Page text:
2006 Legislative Session - What to Expect
Pennington, Moore, Wilkinson, Bell, & Dunbar, P.A.
Committee meetings for the 2006 legislative session have wrapped up and the session has begun. As the old saying goes, nothing is safe when the Legislature is in town. This year poses to be no different. From an insurance perspective, however, we have a fair idea of what is on the agenda for the 2006 Legislature.
Several bills that have already been filed (SB 644/HB 635 and SB124/HB199) will be on our radar for this session. They propose to amend Chapter 768, Florida Statues, the sovereign immunity statue. At the time of publication, the bills stand as follows:
SB124/HB199 relieves, at least in part, law enforcement agencies of certain liability when injury, death, or property damage is caused by a person fleeing from law enforcement in a vehicle. There are three conditions that must be met before the law enforcement agency can avail itself of this reduced liability: Read the entire article . . .
Average Weelky Wage
Larry J. Feinstein, Esquire
Vernis & Bowling of Central Florida, P.A.
When determining the average weekly wage of a self employed claimant, the claimant's net income should be used (gross receipts less business expenses). Two recent claims effectively illustrate this point.
In Case #1, a volunteer policeman was injured in the course and scope of his employment in that capacity. While he had no earnings in which he reported $87,000 of income for the year preceding his compensable accident. The carrier and former defense counsel divided his gross annual income by 52 weeks and an average weekly wage of $1,697.92 was determined to be appropriate, leading to payment of temporary benefits at the maximum compensation rate for that year. Following receipt of the file, the claimant's tax records were reviewed and it was noted that of the claimant's gross income (after business expenses were deducted) was approximately $9,865.31. Breaking that figure to a weekly basis, this resulted in an average weekly wage of $189.72 with a corresponding compensation rate of $126.48. Unfortunately, this file was not brought to the attention of this firm until after the 104 weeks of temporary benifits had been paid. As a result of the change in the average weekly wage and compensation rate, the carrier will be attempting to recoup almost $46,000 against future indemnity (if any).
Read the entire article . . .
Florida Legislature Addresses Governmental Entity Liability for Public Beaches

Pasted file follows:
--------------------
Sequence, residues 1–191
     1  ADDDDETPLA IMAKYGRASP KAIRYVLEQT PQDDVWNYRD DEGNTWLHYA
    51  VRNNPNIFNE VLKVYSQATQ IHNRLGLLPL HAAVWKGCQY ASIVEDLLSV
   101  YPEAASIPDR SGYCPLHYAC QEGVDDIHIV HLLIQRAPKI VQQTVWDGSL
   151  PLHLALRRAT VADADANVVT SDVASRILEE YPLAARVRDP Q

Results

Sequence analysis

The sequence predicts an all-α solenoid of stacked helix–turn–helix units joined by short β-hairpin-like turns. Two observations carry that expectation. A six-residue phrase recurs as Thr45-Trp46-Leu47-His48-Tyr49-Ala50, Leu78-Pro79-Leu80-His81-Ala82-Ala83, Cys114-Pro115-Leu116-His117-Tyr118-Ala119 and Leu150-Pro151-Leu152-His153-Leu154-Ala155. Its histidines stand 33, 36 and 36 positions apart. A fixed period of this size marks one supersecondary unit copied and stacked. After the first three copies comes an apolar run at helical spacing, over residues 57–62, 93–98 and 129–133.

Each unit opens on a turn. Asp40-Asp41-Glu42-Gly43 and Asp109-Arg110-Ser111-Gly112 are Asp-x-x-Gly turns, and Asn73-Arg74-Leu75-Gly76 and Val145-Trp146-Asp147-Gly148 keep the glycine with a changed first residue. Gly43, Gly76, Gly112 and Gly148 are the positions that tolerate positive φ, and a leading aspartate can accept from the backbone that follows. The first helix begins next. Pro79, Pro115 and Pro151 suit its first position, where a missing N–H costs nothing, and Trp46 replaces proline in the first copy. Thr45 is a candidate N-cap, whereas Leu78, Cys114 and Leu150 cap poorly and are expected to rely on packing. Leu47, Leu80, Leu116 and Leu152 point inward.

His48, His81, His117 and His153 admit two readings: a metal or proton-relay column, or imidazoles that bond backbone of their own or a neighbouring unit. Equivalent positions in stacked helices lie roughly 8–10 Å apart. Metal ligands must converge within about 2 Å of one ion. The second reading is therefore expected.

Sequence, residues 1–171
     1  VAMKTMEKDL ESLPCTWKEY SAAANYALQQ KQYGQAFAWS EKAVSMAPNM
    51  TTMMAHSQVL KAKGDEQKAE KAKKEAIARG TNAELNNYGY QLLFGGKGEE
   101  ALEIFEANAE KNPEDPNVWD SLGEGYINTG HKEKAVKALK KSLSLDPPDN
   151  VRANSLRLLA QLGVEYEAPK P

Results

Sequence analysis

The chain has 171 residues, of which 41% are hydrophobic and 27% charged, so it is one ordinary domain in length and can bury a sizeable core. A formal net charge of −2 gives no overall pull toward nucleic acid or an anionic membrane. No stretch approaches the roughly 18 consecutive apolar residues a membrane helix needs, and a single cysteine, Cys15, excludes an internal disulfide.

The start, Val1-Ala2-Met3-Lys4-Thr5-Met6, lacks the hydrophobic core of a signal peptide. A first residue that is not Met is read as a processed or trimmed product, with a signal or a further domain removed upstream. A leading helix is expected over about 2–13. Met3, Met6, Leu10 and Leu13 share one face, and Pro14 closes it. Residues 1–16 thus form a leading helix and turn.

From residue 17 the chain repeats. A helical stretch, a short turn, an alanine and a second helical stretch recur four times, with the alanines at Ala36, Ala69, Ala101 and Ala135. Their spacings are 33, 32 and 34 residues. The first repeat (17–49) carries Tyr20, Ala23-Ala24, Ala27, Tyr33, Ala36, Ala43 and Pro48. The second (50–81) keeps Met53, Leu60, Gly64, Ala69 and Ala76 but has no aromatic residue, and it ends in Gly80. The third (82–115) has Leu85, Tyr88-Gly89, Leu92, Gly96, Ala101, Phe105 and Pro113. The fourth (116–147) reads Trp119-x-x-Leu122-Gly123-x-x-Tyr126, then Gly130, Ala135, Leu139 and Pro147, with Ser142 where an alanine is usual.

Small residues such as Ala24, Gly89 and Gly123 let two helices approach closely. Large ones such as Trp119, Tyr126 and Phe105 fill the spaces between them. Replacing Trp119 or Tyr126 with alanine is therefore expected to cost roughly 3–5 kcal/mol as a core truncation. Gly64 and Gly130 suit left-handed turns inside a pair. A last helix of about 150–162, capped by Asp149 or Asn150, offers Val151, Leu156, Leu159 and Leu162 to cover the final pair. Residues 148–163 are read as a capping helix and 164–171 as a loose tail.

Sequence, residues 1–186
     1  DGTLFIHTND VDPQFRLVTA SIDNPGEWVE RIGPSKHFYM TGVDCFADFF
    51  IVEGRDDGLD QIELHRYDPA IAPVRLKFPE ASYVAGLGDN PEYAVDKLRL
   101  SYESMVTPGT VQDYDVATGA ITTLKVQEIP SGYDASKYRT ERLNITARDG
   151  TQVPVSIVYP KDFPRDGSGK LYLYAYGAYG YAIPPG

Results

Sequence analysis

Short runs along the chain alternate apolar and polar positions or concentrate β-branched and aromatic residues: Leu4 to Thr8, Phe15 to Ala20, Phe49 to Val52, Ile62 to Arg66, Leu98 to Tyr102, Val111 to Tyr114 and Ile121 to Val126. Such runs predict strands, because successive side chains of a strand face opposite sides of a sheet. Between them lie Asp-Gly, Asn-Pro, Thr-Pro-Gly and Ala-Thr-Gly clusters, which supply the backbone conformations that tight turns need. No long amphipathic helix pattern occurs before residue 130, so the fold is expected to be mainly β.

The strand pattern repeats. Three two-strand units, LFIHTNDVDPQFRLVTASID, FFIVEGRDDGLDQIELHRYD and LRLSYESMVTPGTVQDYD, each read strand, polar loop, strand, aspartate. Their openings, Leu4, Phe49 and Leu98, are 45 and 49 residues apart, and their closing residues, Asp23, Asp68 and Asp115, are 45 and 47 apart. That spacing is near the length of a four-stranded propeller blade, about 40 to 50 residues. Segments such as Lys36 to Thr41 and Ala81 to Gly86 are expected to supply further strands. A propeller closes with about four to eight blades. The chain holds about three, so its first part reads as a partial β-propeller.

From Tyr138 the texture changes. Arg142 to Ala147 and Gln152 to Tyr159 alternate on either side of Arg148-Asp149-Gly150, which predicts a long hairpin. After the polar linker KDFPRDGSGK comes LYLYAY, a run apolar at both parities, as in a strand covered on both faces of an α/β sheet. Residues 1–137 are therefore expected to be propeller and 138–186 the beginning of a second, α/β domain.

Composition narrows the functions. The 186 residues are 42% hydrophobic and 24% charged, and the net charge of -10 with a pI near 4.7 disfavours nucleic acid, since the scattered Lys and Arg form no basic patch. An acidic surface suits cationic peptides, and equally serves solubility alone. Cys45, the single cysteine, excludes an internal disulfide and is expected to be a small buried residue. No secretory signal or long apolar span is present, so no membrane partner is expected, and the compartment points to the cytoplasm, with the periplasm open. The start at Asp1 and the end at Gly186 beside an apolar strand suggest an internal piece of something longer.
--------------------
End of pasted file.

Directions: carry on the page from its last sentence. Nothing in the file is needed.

Joseph D. Tessitore
Attorney at Law
Bell, Leeper, and Roper, P.A.
In March of 2005 in the case of Breaux v. City of Miami Beach, 889 So. 2d 1059 (Fla. 2005), the Florida Supreme Court held that if a governmental entity holds an area of beach out as a public swimming area or leads the public to believe an area is designated swimming area, then the governmental entity owes a duty of care to the general public. The duty of care owed would include the duty to warn swimmers of potential hazards, including rip currents, and could include the obligation to post lifeguards anywhere along a public beach where a member of the general public might swim. Read the entire article . . .
Underwriting Property Risks
Vice President, Underwriting
Public Risk Underwriters
"It is only when they go wrong that machines remind you how powerful they are" - Clive James
The recent hyperactive hurricane season did more than cause unprecedented damage in the Gulf region; it damaged the credibility of the hurricane models used by insurance companies to predict losses. As the dust settled and the waters receded, many companies found that their actual loss from Katrina was two to four times what the models predicted as the '10,000 Year' storm. While Katrina was a large Cat 4, most climatologists are in agreement they can envision worse hurricanes making landfall.
Read the entire article . . .
Risk Managers in the EOC
How many of you Risk Managers have spent any time in your Emergency Operations Center, before, during, or after a hurricane?
City of Boynton Beach
Why not? Other than your administrator or town, city, or county manager, who has a better overall perspective on your public entity than you do?
The risk manager brings a lot to the table at the EOC. I am not just talking about the recovery phase after the storm either. You probably know more about the capabilities of individual departments and their staff than the manager, and sometimes the department head. Or, at least you should.
Read the entire article. . .